Now he was one of the chief speculators in the body of woman in all the south of Russia. He had transactions with Constantinople and with Argentine; he transported, in whole parties, girls from the brothels of Odessa into Kiev; those from Kiev he brought over into Kharkov; and those from Kharkov into Odessa. He it was also who stuck away over second rate capital cities, and those districts which were somewhat richer, the goods which had been rejected or had grown too noticeable in the big cities. He had struck up an enormous clientele, and in the number of his consumers Horizon could have counted not a few people with a prominent social position: lieutenant governors, colonels of the gendarmerie, eminent advocates, well-known doctors, rich land-owners, carousing merchants. All the shady world—the proprietresses of brothels, cocottes solitaires, go-betweens, madams of houses of assignation, souteneurs, touring actresses and chorus girls—was as familiar to him as the starry sky to an astronomer. His amazing memory, which permitted him prudently to avoid notebooks, held in mind thousands of names, family names, nicknames, addresses, characteristics. He knew to perfection the tastes of all his highly placed consumers: some of them liked unusually odd depravity, others paid mad sums for innocent girls, for others still it was necessary to seek out girls below age. He had to satisfy both the sadistic and the masochistic inclinations of his clients, and at times to cater to altogether unnatural sexual perversions, although it must be said that the last he undertook only in rare instances which promised a large, undoubted profit. Two or three times he had to sit in jail, but these sessions went to his benefit; he not only did not lose his rapacious high-handedness and springy energy in his transactions, but with every year became more daring, inventive, and enterprising. With the years to his brazen impetuousness was joined a tremendous worldly business wisdom.

Fifteen times, during this period, he had managed to marry and every time had contrived to take a decent dowry. Having possessed himself of his wife’s money, he, one fine day, would suddenly vanish without a trace, and, if there was a possibility, he would sell his wife profitably into a secret house of depravity or into a chic public establishment. It would happen that the parents of the deluded victim would search for him through the police. But while inquiries would be carried on everywhere about him as Shperling, he would already be travelling from town to town under the name of Rosenblum. During the time of his activity, in despite of an enviable memory, he had changed so many names that he had not only forgotten what year he had been Nathanielson, and during what Bakalyar, but even his own name was beginning to seem to him one of his pseudonyms.

It was remarkable, that he did not find in his profession anything criminal or reprehensible. He regarded it just as though he were trading in herrings, lime, flour, beef or lumber. In his own fashion he was pious. If time permitted, he would with assiduity visit the synagogue of Fridays. The Day of Atonement, Passover, and the Feast of the Tabernacles were invariably and reverently observed by him everywhere wherever fate might have cast him. His mother, a little old woman, and a hunch-backed sister, were left to him in Odessa, and he undeviatingly sent them now large, now small sums of money, not regularly but pretty frequently, from all towns from Kursk to Odessa and from Warsaw to Samara. Considerable savings of money had already accumulated to him in the Credit Lyonnaise, and he gradually increased them, never touching the interest. But to greed or avarice he was almost a stranger. He was attracted to the business rather by its tang, risk and a professional self-conceit. To the women he was perfectly indifferent, although he understood and could value them, and in this respect resembled a good chef, who together with a fine understanding of the business, suffers from a chronic absence of appetite. To induce, to entice a woman, to compel her to do all that he wanted, did not require any efforts on his part; they came of themselves to his call and became in his hands passive, obedient and yielding. In his treatment of them a certain firm, unshakable, self-assured aplomb had been worked out, to which they submitted just as a refractory horse submits instinctively to the voice, glance, stroking of an experienced horseman.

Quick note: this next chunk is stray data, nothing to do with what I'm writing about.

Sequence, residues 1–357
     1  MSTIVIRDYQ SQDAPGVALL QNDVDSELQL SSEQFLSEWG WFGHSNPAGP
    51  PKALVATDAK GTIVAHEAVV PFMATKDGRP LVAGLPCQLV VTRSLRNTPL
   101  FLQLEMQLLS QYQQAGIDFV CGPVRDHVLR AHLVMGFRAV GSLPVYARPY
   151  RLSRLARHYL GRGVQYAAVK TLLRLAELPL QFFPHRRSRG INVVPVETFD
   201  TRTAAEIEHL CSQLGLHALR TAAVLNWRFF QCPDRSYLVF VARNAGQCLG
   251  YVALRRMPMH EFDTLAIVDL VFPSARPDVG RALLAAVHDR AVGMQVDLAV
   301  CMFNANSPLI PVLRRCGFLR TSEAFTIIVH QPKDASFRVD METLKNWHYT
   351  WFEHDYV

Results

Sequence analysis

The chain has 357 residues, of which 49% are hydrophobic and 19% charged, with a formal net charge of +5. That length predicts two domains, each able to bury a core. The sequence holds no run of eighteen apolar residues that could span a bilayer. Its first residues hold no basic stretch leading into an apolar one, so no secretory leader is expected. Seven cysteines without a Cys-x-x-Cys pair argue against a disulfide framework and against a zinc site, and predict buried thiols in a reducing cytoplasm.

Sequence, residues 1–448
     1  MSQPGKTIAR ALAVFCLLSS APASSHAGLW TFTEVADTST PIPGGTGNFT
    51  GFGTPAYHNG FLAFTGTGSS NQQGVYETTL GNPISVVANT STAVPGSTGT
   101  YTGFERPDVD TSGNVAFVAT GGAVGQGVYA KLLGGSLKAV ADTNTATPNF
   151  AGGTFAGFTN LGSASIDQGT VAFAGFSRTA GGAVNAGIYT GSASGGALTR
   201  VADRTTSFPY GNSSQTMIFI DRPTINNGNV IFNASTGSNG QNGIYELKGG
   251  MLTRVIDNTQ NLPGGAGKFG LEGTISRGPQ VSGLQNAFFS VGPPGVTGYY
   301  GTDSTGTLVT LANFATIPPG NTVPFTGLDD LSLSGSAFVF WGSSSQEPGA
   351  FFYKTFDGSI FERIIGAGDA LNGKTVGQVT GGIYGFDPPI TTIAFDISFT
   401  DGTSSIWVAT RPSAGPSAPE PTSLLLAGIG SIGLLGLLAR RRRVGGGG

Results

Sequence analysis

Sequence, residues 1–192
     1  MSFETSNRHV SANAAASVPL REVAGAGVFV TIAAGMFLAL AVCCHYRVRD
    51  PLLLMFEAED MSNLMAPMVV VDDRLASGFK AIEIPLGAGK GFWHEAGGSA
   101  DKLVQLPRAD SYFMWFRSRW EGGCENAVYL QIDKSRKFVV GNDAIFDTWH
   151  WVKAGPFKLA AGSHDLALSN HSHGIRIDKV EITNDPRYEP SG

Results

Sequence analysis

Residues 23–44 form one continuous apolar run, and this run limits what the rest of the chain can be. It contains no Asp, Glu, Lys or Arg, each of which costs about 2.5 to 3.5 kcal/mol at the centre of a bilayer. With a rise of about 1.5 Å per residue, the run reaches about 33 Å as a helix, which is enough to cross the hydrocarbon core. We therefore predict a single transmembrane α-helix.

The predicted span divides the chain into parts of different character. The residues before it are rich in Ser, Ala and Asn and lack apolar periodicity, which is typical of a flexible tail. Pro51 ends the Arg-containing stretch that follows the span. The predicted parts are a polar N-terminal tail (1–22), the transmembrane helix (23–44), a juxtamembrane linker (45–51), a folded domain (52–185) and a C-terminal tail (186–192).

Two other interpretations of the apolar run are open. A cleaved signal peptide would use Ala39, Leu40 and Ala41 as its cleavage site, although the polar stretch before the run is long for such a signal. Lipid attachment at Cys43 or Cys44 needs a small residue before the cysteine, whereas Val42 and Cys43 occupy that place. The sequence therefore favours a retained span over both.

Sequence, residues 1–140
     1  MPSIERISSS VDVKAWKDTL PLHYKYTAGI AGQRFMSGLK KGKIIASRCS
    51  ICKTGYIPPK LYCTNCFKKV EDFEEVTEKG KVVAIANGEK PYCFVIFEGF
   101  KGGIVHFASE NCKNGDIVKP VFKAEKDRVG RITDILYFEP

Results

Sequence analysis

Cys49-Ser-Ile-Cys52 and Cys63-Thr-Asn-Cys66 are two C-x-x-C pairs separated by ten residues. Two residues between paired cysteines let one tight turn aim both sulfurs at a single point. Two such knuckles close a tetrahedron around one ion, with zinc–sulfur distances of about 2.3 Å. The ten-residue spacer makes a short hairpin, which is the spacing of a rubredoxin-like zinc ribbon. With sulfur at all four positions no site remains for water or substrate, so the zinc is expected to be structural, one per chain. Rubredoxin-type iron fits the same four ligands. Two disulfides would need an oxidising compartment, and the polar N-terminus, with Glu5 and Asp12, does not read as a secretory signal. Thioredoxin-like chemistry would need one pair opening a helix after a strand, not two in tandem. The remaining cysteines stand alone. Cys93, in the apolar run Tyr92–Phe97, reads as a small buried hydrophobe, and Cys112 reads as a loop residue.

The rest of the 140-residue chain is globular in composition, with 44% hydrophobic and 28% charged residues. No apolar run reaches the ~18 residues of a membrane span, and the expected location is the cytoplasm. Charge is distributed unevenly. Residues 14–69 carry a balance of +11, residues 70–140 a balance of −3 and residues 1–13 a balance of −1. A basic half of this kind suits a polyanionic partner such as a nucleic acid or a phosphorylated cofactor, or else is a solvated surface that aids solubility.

He drank very moderately, and without company never drank. Toward eating he was altogether indifferent. But, of course, as with every man, he had a little weakness of his own: he was inordinately fond of dress and spent no little money on his toilet. Modish collars of all possible fashions, cravats, diamond cuff links, watch charms, the underwear of a dandy, and chic footwear constituted his main distractions.

From the depot he went straight to The Hermitage. The hotel porters, in blue blouses and uniform caps, carried his things into the vestibule. Following them, he too entered, arm in arm with his wife; both smartly attired, imposing, but he just simply magnificent, in his wide, bell-shaped English overcoat, in a new broad-brimmed panama, holding negligently in his hand a small cane with a silver handle in the form of a naked woman.

“You ain’t supposed to be here without a permit for your residence,” said an enormous, stout doorkeeper, looking down upon him from above and preserving on his face a sleepy and immovably-frigid expression.

“Ach, Zachar! Again ‘you ain’t supposed to!’” merrily exclaimed Horizon, and patted the giant on his shoulder. “What does it mean, ‘you ain’t supposed to’? Every time you shove this same ‘you ain’t supposed to’ at me. I must be here for three days in all. Soon as I conclude the rent agreement with Count Ipatiev, right away I go away. God be with you! Live even all by yourself in all your rooms. But you just give a look, Zachar, what a toy I brought you from Odessa! You’ll be just tickled with it!”

With a careful, deft, accustomed movement he thrust a gold piece into the doorkeeper’s hand, who was already holding it behind his back, ready and folded in the form of a little boat.

The first thing that Horizon did upon installing himself in the large, spacious room with an alcove, was to put out into the corridor at the door of the room six pairs of magnificent shoes, saying to the bell-hop who ran up in answer to the bell:

“Immediately all should be cleaned! So it should shine like a mirror! They call you Timothy, I think? Then you should know me—if you work by me it will never go for nothing. So it should shine like a mirror!”

< < < Chapter II
Chapter IV > > >

Russian LiteratureChildren BooksRussian PoetryAlexander Kuprin – Yama (the Pit) – Contents

Copyright holders –  Public Domain Book

If you liked this site, subscribe , put likes, write comments!

Share on social networks

Check out Our Latest Posts

© 2023 Akirill.com – All Rights Reserved

Leave a Reply

Fill in your details below or click an icon to log in:

WordPress.com Logo

You are commenting using your WordPress.com account. Log Out /  Change )

Facebook photo

You are commenting using your Facebook account. Log Out /  Change )

Connecting to %s